Hysteria is the state of unmanageable fear or emotional excesses whereby a crisis renders us paralysed to act to address our situation.
So for the many passionate, articulate and striving-to-be-authentic peers I have encountered down through the last ten years around the island of Ireland who can diagnose with pinpoint accuracy how Christianity in the form of the church has failed them, hurt them, bored them, underwhelmed them or otherwise turned them off; is hysteria not appropriate word to describe them?
You sit here and read this. And you may well be hysterical.
You might be a Roman Catholic living a liturgy-haunted world or a born and bred Presbyterian who really hates how staid and formal church can be or maybe you are a burnt Pentecostal who is rebelling against anti-intellectualism. It doesn’t matter where you came from. If you have been able to see scars or sicknesses in the Body, then it is your job to get stuck in and fix them. The dugout is not an option for the Christian, nevermind the grandstand or even more commonly, the reports in the sports pages the next day. We have to be on the field playing the game and honing our skills.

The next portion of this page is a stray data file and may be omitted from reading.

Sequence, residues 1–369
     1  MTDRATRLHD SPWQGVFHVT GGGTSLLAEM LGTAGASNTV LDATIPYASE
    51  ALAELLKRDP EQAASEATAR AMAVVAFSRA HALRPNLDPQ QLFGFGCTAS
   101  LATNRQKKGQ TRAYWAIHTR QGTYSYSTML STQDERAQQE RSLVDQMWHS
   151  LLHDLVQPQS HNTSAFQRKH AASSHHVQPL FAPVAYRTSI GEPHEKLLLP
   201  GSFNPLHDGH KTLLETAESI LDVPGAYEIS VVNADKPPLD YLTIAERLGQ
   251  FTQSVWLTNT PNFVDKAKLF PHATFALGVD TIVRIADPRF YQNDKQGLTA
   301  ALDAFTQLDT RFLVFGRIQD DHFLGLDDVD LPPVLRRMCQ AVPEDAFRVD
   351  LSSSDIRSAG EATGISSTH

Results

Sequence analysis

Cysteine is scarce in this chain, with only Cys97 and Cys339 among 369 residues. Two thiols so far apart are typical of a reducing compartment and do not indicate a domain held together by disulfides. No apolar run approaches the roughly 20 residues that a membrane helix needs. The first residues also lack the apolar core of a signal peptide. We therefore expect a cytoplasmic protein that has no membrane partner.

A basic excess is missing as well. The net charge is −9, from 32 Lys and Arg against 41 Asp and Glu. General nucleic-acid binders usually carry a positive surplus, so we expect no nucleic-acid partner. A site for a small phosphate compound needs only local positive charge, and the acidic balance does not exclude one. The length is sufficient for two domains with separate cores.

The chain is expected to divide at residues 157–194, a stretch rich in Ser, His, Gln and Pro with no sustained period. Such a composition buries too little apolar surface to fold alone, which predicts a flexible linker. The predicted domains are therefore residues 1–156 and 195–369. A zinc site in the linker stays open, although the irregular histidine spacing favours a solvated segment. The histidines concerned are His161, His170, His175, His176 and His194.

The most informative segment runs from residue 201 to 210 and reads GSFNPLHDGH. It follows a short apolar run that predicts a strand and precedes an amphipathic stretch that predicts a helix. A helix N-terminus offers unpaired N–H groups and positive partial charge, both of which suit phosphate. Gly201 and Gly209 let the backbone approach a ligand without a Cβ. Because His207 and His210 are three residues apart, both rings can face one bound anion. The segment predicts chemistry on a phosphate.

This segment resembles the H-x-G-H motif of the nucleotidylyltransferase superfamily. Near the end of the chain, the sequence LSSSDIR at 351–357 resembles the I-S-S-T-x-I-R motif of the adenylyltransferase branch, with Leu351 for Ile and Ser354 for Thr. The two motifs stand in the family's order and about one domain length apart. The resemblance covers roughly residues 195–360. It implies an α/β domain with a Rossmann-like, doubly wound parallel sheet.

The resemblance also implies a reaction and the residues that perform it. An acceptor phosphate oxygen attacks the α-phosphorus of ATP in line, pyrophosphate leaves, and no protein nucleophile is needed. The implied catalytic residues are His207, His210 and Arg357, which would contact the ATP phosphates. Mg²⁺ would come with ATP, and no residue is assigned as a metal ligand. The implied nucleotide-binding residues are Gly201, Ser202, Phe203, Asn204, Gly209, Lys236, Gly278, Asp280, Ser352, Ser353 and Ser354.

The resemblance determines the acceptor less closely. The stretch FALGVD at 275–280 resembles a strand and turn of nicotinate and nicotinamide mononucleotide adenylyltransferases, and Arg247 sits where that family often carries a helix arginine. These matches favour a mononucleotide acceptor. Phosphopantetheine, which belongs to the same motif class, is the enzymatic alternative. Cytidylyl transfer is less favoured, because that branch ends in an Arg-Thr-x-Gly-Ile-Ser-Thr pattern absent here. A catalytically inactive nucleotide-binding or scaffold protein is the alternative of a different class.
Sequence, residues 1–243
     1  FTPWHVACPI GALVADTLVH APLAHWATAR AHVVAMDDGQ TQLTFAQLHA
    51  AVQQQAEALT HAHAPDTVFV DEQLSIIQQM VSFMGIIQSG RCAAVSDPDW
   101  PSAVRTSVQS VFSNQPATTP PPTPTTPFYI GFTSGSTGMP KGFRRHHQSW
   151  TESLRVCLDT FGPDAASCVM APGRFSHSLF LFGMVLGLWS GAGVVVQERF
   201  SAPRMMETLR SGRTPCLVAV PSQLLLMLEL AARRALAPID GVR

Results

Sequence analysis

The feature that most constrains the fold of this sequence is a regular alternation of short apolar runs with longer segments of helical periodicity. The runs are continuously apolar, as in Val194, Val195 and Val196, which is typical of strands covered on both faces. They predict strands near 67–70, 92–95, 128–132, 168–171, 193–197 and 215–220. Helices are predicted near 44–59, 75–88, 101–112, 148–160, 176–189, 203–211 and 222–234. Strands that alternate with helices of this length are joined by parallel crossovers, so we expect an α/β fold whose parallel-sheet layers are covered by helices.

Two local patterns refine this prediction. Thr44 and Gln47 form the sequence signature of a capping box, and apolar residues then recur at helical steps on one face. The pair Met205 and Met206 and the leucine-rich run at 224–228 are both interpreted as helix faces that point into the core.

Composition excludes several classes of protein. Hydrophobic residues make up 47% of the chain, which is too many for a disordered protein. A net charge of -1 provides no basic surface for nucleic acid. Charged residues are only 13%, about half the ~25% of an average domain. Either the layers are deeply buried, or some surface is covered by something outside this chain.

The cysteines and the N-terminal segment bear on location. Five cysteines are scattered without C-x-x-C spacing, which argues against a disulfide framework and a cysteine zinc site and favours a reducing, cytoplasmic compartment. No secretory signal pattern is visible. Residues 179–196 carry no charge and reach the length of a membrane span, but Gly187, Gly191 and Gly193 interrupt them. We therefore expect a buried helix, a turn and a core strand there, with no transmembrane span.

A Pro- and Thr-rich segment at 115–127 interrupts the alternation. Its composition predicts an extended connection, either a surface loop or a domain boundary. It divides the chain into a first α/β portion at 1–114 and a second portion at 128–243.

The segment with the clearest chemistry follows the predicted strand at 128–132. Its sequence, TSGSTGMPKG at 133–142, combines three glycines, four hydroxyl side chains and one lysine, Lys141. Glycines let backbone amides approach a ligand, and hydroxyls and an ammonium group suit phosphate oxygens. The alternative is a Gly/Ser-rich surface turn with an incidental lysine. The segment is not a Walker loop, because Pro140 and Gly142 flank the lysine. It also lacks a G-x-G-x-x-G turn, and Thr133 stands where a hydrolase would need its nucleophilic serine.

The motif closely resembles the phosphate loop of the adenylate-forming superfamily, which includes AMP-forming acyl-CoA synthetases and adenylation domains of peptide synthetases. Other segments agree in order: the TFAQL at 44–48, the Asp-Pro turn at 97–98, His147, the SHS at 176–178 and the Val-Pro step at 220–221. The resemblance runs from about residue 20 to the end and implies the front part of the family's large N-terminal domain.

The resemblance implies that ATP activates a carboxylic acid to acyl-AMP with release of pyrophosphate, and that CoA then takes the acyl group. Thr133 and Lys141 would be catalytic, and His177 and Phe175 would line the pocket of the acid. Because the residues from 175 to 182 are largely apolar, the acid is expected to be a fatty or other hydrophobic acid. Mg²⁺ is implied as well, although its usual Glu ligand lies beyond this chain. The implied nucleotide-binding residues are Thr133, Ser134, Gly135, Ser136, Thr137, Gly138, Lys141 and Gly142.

If you can identify the problems or a problem within the church, if a local body of Christians has let you down or judged you or hurt you, then you have the means at your disposal to make a difference. Get in there and make the changes needed. Or get together and create new formulations based around the things you have learned together. To back away and be consumed by your disappointments, to be paralysed by your insight that the church is not finished yet, that is hysterical.
There is no beauty that can compare with God. There is no potential greater than local groups of Jesus people. There is nothing the world needs more than grace. But when I look around at Irish Christians in their 20’s, with respect and acknowledgement that I am way out of bounds to even try to make the judgment, I see people who are either busy cursing religious practice for being religious from a distance or people who are falling into a kind of religious practice with better style, devoid of the scalpel sharpness of authentic Christian communities.
We need alternatives. But we need you to craft them.
Take a deep breath. Remember where we’re called to go. And push back against the hysteria.
Your Correspondent, He didn’t come in here to do no conquering, he came in here to do a little bargaining